―A brief address by Tashi Nyima to the Richardson Interfaith Alliance (TX) during the Thanksgiving Observance
There is a quote that reads: “Having abandoned
the taking of life, refraining from the taking of life, we dwell without
violence, with the knife laid down —scrupulous, full of mercy—
trembling with compassion for all sentient beings.” ―Buddha Shakyamuni
When people think of Buddhist monks, if they think of us at all, they
imagine that we dwell in clouds of incense, smiling serenely,
unperturbed, meditating on nothing. But, as you just read, we are not
called to drift placidly in emptiness, but to “tremble with compassion
for all sentient beings”.
Not all abuse happens in dark alleys. Much unspeakable cruelty
takes place in the brightly lit aisles where we purchase the flesh of
animals, their eggs, their milk, their skin, their wool, their feathers,
and their fur. Those brightly lit aisles conceal the horrible darkness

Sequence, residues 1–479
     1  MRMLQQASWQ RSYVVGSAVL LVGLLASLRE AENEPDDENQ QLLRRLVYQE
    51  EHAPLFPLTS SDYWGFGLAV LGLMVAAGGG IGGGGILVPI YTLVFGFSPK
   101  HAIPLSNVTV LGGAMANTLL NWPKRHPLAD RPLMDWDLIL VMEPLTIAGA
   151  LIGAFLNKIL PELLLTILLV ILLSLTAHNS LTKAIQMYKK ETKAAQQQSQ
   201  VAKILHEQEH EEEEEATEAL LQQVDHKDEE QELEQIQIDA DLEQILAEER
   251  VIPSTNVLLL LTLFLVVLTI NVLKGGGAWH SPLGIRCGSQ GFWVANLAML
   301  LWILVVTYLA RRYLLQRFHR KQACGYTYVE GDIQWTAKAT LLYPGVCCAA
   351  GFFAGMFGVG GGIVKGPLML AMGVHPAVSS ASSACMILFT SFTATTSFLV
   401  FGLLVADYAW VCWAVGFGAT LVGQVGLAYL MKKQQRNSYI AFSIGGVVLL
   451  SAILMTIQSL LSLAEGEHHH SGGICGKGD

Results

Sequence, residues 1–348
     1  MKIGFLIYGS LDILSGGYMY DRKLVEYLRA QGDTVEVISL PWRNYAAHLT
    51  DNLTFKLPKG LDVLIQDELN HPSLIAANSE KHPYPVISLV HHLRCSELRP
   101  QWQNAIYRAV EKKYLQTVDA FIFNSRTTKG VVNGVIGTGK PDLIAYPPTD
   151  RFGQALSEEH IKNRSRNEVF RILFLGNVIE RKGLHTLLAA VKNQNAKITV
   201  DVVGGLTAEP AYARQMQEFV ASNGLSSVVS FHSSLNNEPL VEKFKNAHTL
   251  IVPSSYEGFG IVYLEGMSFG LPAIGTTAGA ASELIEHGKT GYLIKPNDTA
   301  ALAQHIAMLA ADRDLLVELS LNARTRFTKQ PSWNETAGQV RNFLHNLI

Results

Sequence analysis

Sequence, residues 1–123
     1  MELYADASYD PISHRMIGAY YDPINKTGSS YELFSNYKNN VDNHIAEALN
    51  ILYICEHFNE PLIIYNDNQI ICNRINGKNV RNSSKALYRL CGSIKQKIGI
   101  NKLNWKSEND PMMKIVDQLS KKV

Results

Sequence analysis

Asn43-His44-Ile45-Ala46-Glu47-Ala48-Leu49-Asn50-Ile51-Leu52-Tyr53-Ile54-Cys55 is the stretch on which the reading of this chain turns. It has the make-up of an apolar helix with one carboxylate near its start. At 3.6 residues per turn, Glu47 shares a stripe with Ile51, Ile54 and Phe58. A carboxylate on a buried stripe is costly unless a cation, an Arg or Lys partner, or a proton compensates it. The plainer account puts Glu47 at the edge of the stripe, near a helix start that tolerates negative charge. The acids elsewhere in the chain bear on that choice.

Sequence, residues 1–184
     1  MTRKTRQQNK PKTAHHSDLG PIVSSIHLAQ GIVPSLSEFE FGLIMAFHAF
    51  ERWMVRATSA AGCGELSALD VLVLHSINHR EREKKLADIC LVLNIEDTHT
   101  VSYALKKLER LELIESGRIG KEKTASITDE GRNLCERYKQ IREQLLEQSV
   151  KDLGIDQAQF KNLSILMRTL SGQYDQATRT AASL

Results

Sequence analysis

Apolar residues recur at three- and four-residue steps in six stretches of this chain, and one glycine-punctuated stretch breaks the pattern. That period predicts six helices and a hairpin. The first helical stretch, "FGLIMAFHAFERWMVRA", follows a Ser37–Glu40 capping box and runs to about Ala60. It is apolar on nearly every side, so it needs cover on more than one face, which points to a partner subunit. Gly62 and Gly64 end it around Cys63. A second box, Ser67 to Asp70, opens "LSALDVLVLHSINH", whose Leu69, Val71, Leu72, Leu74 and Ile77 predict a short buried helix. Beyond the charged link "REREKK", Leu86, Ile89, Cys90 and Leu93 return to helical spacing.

where animals are confined, enslaved, tortured, and slaughtered for our
pleasure. I will not share with you the gory details, but the awful
truth is there for you to see, as plain as day.
What makes some beings worthy of compassion, while others seem to
merit only our disdain? Is it intelligence? Is it the ability to speak?
Is it the actions we perform? No. Are we not called to feel compassion
for the dull, the dumb, the infirm, and the disabled? Beings are worthy
of compassion because they are sentient —they suffer, they feel pain.
To desire only to reduce the suffering of human beings is nothing but
I come to you not to judge you, but to implore you to look
upon ALL our fellow sentient beings, human and non-human, with
compassion. If we cannot prevent the cruelty they suffer, at least let
harm not be inflicted for our pleasure, paid with our money, and
executed in our name.
We cannot speak sincerely of compassion while confining, abusing, and
slaughtering our fellow sentient beings. Compassion begins in our
shopping carts, in our closets, in our kitchens, on our plates.
If I have made you uncomfortable, I apologize. I am not here to
fight, but to get in the way. I humbly stand before you, as the Buddha
instructed, trembling with compassion …for you and for all beings. May
all attain the union of wisdom and compassion!